The Abstemious Audience | Teen Ink

The Abstemious Audience

November 6, 2007
By Anonymous

The weekend of a typical teenager consists of homework, sleep, time spent with friends and a trip down to the theatre to bask in the wonder of the performing arts. All teenagers have an extensive and inbred knowledge of the arts. Those events held in the auditorium that teens only attend to get credit for their humanities classes - what teenager can honestly say he doesn’t know about the performing arts? Teen’s dearth of sufficient spending funds, and the unreasonable expectation of hair-raising movie special effects have catalyzed the lamentable paucity of our younger generations’ interest in theatre, creating a problematic absence of youthful audiences that theatres must make monumental strides in order to restore.

The source of teenagers’ disinterest lies heavily within the empty confines of their wallets. How many teenagers can afford to spend $100 a night? How many of them do? Not surprisingly, most adolescents would not offer, let alone have the adequate funds, to spend that kind of money on any given night. According to the New York Times, full-price orchestra tickets for a standard Broadway show now cost a minimum of $100. That’s at least three weeks worth of babysitting money. Two years ago the Signature Theater Company decided to underwrite the cost of their tickets to $15, to see if they could attract a younger crowd. The Signature program proved immediately, but not surprisingly, successful. After the company lowered the ticket prices, thirty percent of the audience members were reportedly less than thirty five years of age. James Houghton, the Signature's artistic director, stated, “''What we discovered pretty quickly is that if you take that financial barrier away, there is a lot of interest in theater.”

Even if our teenagers could afford Broadway tickets, many would still be impartial to theatre, due to the grandiose expectations now placed on any form of entertainment. When faced with a decision between an adventure-filled, action-packed flick charged with special effects and a music-filled, emotion-packed show charged with lighting and sound effects, which will most teenagers choose? In today’s culture the louder and more explosive a movie appears, even if it portrays an irrefutably, shallow plot, the more tickets it sells. According to the magazine Advertising Age, to boost the sluggish box office sales from the first half of the year, a slew of horror, thriller, sci-fi and action films appeared in the second season. Shockingly, that list did not include a one-act play, a musical, an opera, or a ballet. This fact illustrates the unfortunate apathy with which students approach theatre and the bleak state of the performing arts in the hands of the younger generations. So, what kind of future does that leave for the enchanting realm of the fine arts?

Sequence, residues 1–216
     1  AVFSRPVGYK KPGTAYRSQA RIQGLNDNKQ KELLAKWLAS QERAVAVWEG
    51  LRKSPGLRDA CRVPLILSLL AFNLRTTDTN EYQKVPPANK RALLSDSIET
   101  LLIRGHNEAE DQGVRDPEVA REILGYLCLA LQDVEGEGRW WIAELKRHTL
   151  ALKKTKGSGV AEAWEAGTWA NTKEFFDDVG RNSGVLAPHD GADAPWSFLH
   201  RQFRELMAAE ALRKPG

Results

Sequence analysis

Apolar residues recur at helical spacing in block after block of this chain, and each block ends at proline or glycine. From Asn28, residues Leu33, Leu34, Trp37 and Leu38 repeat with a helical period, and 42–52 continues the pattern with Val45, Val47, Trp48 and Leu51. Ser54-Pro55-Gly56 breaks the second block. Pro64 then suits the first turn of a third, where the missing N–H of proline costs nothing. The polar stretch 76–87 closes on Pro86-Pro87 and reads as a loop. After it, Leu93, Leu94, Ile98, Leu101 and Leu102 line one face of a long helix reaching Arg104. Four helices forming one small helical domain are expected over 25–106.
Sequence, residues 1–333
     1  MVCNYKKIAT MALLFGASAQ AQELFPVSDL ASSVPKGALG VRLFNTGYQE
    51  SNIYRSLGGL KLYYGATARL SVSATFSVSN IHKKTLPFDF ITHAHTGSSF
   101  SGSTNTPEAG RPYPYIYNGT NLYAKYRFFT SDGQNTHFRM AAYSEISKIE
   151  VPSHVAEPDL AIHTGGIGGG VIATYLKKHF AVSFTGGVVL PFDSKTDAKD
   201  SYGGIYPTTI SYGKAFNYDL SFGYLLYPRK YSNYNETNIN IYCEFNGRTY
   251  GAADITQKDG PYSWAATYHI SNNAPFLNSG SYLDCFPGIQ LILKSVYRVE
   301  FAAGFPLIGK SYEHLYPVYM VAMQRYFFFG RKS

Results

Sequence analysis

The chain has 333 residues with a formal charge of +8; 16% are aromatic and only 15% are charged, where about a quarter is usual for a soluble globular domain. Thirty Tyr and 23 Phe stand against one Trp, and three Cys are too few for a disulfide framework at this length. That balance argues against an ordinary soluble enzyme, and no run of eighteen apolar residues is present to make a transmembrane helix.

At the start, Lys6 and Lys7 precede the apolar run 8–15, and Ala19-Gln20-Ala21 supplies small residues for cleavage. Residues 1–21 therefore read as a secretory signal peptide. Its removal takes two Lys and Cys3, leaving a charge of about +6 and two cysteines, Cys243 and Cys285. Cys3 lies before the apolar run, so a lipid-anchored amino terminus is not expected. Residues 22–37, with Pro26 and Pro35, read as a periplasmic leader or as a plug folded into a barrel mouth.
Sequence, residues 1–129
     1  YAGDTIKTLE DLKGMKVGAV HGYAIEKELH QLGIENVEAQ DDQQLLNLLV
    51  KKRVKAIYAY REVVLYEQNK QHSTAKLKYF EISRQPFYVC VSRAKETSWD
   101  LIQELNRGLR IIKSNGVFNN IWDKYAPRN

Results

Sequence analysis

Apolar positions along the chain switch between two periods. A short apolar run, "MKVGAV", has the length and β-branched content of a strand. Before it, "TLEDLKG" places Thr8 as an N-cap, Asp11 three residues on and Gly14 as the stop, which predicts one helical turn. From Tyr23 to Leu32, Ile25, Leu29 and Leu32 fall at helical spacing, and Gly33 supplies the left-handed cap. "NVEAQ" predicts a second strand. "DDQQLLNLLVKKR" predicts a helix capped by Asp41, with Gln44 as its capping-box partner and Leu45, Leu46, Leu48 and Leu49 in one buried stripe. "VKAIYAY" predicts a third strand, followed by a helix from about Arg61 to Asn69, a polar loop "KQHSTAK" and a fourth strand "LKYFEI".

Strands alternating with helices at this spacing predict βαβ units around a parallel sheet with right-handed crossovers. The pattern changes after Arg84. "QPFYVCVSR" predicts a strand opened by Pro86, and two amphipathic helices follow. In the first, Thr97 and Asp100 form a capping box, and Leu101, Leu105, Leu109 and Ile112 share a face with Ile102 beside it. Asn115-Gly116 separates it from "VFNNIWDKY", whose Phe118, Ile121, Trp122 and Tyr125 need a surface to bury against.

Thankfully, not all teenagers have become disillusioned with the arts. Some students possess a fiery passion for theatre. I would know; I am one of those theatre-enthusiast-students. For many adolescents, performing arts embody the crème de la crème of the entertainment world. Yet, disappointingly, statistics continue to broadcast the news that, in the case of the fine arts, apathy has become the esprit de corps within the teenage society.

Can society possibly remedy this abhorrent problem? In the words of the infamous Bard, “Be just and fear not.” In order to lower the age of theatre audiences, the industry and the viewers will need to reach a compromise. Arts organizations must be willing to decrease their prices so that younger audience members can afford tickets. Conversely, teenagers must open themselves up to the idea of a varying culture filled with entertainment other than superficial, volatile, special effects. Hopefully, in time we will see a youthful renaissance of sorts prevail in the theatre world, exalting the performing arts to its deserved eminence - complete with an auspicious future.

This will certify that the above work is completely original – Madison Lee McGhee

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